April is a busy month for many people. Book lovers, however, always make time for reading. It is also National Poetry Month, so enjoy some verse from your favorite poets or any of the following.
Dionysios Solomos, the national poet of Greece, was born on April 8, 1798 in Zakynthos. In May 1823, Solomos completed the Hymn to Liberty, 158 stanzas, inspired by the 1821 start of the Greek Revolution. The poem was published in Greece in 1824 and throughout Europe one year later. Solomos’ reputation soon spread throughout Greece and abroad. The Hymn to Liberty was set to music by Nikolaos Mantzaros, and is the longest national anthem in the world by length of text. In 1865, the first three stanzas (and later the first two) officially became the National Anthem of Greece and, from 1966, also that of the Republic of Cyprus.
The unfinished epic The Free Besieged (Greek: Οι Ελεύθεροι Πολιορκημένοι, Oi Eleftheroi Poliorkimenoi) by Dionysios Solomos was inspired by the third siege of Missolonghi (1825–1826), a crucial conflict in the Greek Revolution. It consists of three separate poems in fragmentary form, and though never completed, The Free Besieged is considered one of Solomos’ greatest poems.
Megali Evdomada stin Psyche Mou (Holy Week in my Soul) by Maro Sideri is a fascinating poetry collection inspired by Holy Week. In her introduction to the book, Sideri noted that her allies through the writing process were the Byzantine hymns for Holy Week along with the Brandenberg Concerto by Johann Sebastian Bach and the music of modern Greek classical composer Stamatis Spanoudakis. Sideri has also written the novel To Telos tou Anthropou Pou ton Elegan Iesou (The End of the Person called Jesus) which offers a unique perspective on the final days of Jesus.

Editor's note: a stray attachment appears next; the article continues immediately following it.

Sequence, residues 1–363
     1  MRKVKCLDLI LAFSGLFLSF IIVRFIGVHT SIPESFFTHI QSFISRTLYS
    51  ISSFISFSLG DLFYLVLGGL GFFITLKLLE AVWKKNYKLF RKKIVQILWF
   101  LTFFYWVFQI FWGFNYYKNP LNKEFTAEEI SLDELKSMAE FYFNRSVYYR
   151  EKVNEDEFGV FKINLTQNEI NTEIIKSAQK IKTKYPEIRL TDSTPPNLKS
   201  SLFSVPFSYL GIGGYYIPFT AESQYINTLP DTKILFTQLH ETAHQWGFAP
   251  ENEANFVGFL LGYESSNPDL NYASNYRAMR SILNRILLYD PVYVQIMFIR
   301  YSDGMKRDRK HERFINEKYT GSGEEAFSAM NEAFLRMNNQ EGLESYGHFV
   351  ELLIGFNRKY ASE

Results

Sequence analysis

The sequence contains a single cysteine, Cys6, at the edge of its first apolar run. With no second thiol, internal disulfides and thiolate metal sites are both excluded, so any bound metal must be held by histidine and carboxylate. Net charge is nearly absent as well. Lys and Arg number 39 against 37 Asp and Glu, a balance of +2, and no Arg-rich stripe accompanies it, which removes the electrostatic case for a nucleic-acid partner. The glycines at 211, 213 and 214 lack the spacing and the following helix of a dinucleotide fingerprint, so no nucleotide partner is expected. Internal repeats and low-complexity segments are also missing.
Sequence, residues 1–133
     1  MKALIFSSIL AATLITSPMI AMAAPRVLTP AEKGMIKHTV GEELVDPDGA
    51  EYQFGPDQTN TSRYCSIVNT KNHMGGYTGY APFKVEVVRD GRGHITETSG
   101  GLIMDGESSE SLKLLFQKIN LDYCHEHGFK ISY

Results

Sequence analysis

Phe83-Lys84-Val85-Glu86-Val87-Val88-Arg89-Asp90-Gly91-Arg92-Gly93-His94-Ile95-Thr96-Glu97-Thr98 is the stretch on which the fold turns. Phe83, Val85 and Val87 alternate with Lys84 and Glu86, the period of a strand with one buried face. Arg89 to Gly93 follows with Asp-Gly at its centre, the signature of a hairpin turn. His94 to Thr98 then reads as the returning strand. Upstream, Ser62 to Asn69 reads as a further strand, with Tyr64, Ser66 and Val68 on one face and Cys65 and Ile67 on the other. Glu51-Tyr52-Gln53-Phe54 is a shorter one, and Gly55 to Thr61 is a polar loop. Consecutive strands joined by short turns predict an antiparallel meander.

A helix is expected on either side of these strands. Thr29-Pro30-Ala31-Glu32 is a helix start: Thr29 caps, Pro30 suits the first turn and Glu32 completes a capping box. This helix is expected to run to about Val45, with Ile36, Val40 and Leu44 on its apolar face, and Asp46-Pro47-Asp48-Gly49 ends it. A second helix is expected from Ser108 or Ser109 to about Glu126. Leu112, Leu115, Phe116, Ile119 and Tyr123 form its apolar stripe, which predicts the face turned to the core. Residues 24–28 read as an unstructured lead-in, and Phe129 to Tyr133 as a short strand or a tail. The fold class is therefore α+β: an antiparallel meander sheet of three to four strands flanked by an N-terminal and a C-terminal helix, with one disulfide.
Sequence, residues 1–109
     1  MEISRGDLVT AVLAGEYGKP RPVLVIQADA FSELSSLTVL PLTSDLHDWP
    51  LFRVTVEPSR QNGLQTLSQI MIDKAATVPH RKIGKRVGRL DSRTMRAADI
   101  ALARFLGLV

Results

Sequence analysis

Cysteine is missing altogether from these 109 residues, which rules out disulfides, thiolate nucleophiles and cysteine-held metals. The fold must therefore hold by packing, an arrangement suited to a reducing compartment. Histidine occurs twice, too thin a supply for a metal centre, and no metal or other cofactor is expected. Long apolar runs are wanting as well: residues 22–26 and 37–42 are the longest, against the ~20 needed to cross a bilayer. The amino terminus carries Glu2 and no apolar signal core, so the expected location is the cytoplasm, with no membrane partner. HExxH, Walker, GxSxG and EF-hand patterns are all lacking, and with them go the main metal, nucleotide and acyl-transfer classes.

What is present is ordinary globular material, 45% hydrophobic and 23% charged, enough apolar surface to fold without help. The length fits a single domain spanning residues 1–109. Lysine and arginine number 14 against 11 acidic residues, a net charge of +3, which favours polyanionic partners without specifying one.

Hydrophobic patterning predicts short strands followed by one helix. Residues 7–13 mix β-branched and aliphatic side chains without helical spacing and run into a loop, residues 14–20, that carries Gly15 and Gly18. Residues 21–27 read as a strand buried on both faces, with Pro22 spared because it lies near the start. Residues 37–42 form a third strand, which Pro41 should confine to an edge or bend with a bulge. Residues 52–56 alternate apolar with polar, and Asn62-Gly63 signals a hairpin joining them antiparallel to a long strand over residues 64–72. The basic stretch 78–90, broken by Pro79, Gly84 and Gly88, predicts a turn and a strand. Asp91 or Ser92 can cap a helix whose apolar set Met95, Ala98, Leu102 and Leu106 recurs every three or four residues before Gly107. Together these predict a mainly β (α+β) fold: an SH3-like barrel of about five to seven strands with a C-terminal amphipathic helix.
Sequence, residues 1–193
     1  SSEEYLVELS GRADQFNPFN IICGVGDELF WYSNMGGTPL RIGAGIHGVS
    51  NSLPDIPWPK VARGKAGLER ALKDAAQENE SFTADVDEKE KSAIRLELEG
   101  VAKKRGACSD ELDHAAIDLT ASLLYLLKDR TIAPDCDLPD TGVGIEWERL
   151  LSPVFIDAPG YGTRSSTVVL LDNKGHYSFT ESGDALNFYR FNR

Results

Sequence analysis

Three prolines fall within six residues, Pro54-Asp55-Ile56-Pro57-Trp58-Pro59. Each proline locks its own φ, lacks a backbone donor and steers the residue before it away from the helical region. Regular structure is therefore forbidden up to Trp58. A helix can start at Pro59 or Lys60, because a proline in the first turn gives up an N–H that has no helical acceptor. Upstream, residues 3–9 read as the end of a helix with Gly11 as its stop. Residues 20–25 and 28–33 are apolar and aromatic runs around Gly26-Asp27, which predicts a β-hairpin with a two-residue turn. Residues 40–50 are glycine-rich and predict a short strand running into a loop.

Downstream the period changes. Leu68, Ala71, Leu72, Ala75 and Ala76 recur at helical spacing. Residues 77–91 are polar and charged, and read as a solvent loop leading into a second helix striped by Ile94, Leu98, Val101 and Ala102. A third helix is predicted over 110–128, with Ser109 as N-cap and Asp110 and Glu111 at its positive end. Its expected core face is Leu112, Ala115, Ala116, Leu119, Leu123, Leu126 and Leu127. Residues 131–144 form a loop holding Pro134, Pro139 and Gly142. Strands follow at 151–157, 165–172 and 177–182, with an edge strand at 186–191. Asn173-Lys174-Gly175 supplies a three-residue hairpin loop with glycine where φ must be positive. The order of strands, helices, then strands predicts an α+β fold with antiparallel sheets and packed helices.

On April 17, 485 AD, Proclus Lycaeus, called the Successor, passed away at the age of 73 in Athens. Proclus was a Greek Neoplatonist philosopher, one of the last of the main classical philosophers towards the end of classical philosophy development. His writings and type of thought influenced Western medieval philosophy in Greek and Latin. During the Middle Ages, Boethius wrote Consolation of Philosophy, which includes many of Proclus’ principles and motifs.
A favorite among poetry enthusiasts, George Seferis: Collected Poems 1924-1955 is a bilingual edition and revises the two earlier editions published in 1967 and 1969. It presents, for the first time, the complete Notes for a Week,Three Secret Poems, and three later poems that were not collected by the poet himself but whose English translation he authorized during his lifetime.Originally published in 1982, the latest edition of the book was published in 2014 by the Princeton Legacy Library.
Seferis’ A Levant Journal translated into English by Roderick Beaton details Seferis’ time in the Middle East with wonderful passages of travel writing, describing what he sees and also looking deeper into the issues affecting the region at the time. The Hellenistic influence in the Middle East and the religious sites are thoughtfully delineated in the journal.